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Using engine overhaul downtime for an upgrade

Time to spare

When Claus, the owner of this 1999 Seneca V had to hand in his aircraft for a double engine overhaul, he decided to give the cockpit an upgrade, making it ready for the future requirements of European airspace, by adding a bit of glass to the cockpit and LED lights in the landing gear and wingtips.

Engine overhaul

The Engines on a 1999 Seneca V are the trusted and tested Continental TSIO-360-RB models with 220 HP each. The six cylinder engine has a TBO of 2.000 hrs, and as this aircraft had reached 1950 hrs it was time for the engine overhaul. When you overhaul an engine, you have two options. One, you can have the overhaul done by a local certified maintenance facility, which might improve the AOG time due to less shipping, but the price is normally the same as a factory overhaul.

The second option is to have the engines shipped back to the factory and have the OH done there. The price tag on a factory engine overhaul is 85.000 USD per engine, then on top of that, comes the cost of shipping and installation. The timeline for an engine OH at the factory is minimum 8 weeks so there is plenty of time to get some additional upgrades done on an aircraft.

An Avionics upgrade

The Avionics upgrade was not only an upgrade to improve appearance and making it more user-friendly, but also a part of making the aircraft ready for the future airspace requirements. What was missing? First of all the aircraft needed two 8,33 kHz radios and the ADS-B Out capability in order to comply with the future requirements. Several units were replaced in order to comply and in in order to get full utilisation of the new equipment.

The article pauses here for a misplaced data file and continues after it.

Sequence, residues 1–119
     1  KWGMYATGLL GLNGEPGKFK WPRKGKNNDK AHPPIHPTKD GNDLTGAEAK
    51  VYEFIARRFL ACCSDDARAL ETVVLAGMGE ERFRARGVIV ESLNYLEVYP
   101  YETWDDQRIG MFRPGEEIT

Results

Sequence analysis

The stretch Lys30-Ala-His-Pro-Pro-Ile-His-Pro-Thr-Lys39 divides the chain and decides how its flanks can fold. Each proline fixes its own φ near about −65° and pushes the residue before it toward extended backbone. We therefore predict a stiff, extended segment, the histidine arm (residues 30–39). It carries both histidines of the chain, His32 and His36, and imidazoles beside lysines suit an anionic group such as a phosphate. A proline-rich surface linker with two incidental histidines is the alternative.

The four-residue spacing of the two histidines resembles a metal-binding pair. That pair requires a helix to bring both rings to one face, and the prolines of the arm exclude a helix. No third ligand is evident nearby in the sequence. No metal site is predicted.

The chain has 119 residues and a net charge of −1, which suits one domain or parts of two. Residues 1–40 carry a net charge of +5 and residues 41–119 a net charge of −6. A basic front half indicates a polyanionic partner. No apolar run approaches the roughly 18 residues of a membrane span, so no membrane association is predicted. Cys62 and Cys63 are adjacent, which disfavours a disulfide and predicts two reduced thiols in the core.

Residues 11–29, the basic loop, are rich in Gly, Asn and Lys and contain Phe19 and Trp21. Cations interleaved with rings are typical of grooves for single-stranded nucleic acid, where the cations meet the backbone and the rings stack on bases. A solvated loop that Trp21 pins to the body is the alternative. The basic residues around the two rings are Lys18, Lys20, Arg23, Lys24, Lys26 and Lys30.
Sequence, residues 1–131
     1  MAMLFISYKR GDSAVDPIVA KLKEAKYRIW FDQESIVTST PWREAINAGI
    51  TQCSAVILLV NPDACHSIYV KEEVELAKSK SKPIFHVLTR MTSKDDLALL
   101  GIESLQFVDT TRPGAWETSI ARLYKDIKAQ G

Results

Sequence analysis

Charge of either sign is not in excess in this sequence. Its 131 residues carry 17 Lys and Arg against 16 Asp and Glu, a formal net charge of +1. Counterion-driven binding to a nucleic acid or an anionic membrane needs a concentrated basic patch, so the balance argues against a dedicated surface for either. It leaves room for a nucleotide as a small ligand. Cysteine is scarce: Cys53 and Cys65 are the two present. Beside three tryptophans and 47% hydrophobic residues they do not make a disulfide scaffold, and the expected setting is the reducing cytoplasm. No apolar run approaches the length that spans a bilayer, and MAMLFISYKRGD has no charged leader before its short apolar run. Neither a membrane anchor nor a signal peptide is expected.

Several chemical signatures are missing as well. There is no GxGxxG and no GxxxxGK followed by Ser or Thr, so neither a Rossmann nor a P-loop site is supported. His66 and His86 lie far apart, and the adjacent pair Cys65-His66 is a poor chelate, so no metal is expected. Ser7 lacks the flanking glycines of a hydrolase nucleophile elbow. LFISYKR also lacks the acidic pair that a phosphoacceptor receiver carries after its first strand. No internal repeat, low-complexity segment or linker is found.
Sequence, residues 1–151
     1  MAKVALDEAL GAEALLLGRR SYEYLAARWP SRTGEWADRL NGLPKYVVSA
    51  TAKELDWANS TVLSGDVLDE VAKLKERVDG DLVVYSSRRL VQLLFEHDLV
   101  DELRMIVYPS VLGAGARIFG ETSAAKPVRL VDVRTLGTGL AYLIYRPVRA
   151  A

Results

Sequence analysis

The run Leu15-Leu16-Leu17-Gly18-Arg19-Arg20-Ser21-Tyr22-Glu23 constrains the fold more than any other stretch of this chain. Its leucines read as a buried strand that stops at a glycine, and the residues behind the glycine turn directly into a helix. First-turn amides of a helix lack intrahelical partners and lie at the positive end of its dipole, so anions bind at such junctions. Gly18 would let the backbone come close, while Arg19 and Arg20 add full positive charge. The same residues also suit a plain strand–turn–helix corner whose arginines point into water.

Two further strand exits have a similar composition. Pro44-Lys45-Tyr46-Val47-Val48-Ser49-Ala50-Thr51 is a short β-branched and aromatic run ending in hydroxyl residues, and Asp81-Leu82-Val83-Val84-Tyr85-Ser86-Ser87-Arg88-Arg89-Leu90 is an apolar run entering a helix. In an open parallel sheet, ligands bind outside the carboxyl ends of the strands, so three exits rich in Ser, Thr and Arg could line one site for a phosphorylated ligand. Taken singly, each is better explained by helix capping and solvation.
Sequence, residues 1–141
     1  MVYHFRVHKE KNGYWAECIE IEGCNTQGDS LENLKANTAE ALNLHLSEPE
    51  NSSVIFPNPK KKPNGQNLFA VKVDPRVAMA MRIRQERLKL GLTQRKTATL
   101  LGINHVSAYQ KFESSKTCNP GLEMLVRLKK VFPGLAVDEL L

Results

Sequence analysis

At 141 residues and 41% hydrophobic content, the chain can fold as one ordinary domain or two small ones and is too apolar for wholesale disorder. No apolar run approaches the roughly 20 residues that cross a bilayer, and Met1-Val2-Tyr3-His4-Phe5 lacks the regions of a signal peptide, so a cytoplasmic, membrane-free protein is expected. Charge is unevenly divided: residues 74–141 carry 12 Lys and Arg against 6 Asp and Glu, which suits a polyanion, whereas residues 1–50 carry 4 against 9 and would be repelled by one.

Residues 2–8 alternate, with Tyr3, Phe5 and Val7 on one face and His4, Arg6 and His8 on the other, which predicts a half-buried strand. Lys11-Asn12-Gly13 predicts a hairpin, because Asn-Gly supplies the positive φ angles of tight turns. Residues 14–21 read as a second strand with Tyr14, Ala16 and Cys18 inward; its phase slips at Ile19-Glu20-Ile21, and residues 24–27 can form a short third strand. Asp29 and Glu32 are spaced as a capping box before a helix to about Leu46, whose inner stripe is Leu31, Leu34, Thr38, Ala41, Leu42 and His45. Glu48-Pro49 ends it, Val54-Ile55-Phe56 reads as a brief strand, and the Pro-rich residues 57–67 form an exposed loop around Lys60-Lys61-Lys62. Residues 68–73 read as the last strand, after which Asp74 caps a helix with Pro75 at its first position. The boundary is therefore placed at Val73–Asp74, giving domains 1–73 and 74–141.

The GTN 750 combines the GMA35 Audiopanel and the GTX 345 Transponder into a single unit. Having these functions in one place makes it very easy and intuitive to operate. The GTN 750 has touchscreen, moving map and allows you to fly WAAS/SBAS LPV approaches down to 200 foot minimums while displaying charts, weather and much more. Furthermore, the GTN 750 complies with the equipment requirements for P-RNAV and B-RNAV/RNAV-5 operations, which is becoming more and more used in the large European airports, such as Schiphol where it is a requirement. The last item that was replaced was the GNC 255A Com/NAV, adding the second 8,33 kHz radio.

All in all, 45,000 USD was used on new avionics, plus the extra costs for installation.

Images of the cockpit before and after

Use the little scroll line left / right

Piper Seneva V Avionics upgrade

Cockpit Before:

TRIGG Transponder Mode S
PS Engineering Audio panel 6000,
Dual KX 155 A-101 NAV-COM-glideslope
AR-850 Altitude Reporter
KFC – 150 AP/FD
KAS-297B Altitude Preselect w/ enc. altimeter
RDR 2000 VP radar

Cockpit After:

GTN 750 Touchscreen GPS/COM/NAV
GTX 345 Transponder
Garmin GMA35 Audiopanel
GNC 255A Com/NAV
Garmin Altitude Encoder GAE12
KFC – 150 AP/FD
KAS-297B Altitude Preselect w/ enc. Altimeter
RDR 2000 VP radar

Lighting up the Runway

While the Avionics was the main priority there was also time to give the aircraft a visual edge, so the owner decided to give the wingtips and landing lights a second century LED installation. The LED lights never need to be replaced and the light is much stronger than normal light sources.

If you have doubts about the future airspace regulations, we have written an article a while back, you can read it here.

And you can read more about the Seneca V, since we have it for sale here.